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Interactive video lesson plan for: TIL: This Wasp Turns Prey Into Zombies | Today I Learned

Activity overview:

If you see a cockroach scurry through your kitchen, your first reaction might be: “Arghh! A cockroach! Quick! Squish it with John Grisham!” But wait! You don’t need to sully your favorite legal caper. Instead, fetch a jewel wasp to do your bidding. These brutal parasites rob a cockroach of its free will before inflicting a slow and horrific death.
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The attack begins with a quick sting to the cockroach’s body, temporarily paralyzing its front legs. Next, the jewel wasp uses its stinger to stab the roach in the head, feeling around for a specific part of the ill-fated insect’s brain. The venom the wasp injects blocks the roach’s octopamine receptors, stealing its ability to make independent decisions.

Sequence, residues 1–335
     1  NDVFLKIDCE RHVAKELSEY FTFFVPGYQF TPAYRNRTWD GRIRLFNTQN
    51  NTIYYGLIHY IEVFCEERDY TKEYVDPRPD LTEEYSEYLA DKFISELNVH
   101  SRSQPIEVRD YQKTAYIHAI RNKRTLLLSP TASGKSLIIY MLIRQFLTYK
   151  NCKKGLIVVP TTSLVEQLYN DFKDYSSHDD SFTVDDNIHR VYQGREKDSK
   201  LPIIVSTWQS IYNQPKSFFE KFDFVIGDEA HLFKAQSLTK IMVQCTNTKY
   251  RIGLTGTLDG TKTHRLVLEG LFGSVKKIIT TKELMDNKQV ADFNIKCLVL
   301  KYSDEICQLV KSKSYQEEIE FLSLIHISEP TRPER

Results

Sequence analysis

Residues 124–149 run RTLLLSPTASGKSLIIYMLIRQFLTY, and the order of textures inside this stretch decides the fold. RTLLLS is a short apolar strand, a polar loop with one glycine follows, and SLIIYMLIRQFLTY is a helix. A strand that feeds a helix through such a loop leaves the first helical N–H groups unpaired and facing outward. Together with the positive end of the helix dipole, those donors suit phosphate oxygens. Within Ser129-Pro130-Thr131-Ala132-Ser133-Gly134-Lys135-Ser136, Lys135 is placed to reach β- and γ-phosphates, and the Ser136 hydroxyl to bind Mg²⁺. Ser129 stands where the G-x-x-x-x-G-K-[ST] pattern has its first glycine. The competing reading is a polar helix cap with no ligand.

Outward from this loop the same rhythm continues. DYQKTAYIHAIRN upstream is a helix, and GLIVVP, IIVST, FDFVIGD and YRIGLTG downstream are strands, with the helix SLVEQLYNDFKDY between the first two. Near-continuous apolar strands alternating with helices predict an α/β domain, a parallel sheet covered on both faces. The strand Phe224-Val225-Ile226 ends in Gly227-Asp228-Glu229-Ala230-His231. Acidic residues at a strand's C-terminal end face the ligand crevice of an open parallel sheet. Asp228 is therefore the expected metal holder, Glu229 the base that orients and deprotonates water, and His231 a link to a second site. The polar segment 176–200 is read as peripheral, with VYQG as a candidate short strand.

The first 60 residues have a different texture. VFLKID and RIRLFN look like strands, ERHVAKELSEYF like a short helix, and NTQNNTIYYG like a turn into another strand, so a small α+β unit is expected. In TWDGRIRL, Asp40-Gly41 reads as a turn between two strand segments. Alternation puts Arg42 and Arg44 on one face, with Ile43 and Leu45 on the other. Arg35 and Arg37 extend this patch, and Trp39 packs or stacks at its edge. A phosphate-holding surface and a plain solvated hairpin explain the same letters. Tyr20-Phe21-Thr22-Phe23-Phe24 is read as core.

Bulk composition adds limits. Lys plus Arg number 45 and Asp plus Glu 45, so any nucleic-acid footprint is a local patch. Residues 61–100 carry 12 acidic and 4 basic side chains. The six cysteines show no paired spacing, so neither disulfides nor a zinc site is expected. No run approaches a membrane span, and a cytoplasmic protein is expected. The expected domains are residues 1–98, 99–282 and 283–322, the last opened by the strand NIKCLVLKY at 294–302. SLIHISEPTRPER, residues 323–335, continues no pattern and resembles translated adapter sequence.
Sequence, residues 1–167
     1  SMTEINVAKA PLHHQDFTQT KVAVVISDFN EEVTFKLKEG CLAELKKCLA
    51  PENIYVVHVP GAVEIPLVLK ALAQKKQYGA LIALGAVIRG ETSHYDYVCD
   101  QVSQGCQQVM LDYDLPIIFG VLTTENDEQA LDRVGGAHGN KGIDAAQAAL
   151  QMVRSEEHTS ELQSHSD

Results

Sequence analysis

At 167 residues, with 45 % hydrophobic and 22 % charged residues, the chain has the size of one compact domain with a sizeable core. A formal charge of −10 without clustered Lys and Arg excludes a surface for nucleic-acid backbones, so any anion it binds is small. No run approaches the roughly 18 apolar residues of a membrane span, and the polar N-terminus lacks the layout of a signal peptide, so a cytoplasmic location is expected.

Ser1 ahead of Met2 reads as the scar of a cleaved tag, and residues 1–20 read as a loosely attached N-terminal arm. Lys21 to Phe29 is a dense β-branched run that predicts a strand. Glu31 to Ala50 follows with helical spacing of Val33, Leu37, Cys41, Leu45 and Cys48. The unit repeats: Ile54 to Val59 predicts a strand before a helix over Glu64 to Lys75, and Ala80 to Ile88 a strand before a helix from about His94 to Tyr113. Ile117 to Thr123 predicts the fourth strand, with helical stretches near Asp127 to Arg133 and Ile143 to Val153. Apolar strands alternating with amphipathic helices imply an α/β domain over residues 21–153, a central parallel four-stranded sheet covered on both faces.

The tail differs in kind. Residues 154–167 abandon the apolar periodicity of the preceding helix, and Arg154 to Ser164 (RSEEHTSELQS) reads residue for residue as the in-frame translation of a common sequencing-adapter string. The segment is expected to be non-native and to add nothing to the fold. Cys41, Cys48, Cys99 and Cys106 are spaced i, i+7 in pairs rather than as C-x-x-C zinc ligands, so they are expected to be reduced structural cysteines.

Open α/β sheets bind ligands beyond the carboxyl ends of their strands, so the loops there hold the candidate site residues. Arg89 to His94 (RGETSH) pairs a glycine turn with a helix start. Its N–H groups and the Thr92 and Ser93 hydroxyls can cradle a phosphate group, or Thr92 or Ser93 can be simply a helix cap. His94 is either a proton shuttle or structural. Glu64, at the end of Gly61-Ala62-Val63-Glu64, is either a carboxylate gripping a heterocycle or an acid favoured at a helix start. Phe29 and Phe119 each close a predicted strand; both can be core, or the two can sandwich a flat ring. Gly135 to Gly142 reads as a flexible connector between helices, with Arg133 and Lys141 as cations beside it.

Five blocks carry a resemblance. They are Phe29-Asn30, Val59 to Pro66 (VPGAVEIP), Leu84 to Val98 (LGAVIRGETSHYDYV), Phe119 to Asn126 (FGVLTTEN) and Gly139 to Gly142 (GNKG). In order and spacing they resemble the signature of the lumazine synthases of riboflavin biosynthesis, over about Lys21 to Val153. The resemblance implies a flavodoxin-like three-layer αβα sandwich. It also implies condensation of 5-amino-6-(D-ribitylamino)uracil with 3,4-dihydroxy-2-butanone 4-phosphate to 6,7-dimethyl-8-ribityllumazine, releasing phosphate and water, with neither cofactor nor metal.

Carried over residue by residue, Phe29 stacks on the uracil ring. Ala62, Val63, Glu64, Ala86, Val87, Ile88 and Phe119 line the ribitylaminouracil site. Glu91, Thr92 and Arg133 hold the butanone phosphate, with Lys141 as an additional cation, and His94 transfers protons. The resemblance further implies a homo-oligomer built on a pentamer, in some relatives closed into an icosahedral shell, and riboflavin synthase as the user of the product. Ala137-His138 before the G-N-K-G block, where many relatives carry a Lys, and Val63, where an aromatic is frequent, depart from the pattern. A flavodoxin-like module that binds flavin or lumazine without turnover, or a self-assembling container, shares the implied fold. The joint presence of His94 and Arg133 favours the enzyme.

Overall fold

All this stinging makes our roach assassin famished, so she rips off the palmetto bug’s antennae and enjoys a drink of blood. The rejuvenated wasp then guides the zombified roach back to its burrow, where she lays an egg on her new playmate.

In about three days the newly hatched larva will chew its way into the still very much alive cockroach’s abdomen, where it will feed on the roach’s organs. Shrewdly saving the nervous system for last, the wasp baby ensures its babysitter-turned-breakfast stays alive and juicy for as long as possible. Feeling sick to your stomach yet?

Now that the baby parasite has provided the most miserable death imaginable, it will haunt the roach’s carcass until fully mature, when it will spring forth in search of another cockroach friend. Yikes! On second thought, stomp on that roach; you’re probably doing it a favor.

In this week’s Today I Learned, Natural History photographer and National Geographic grantee Anand Varma shares some beautiful footage of this ghastly but amazing reproduction behavior.

More about Anand:

EDITOR: Laurence Alexander
SERIES PRODUCERS: Chris Mattle and Jennifer Shoemaker
GRAPHICS: Chris Mattle

TIL: This Wasp Turns Prey Into Zombies | Today I Learned

National Geographic

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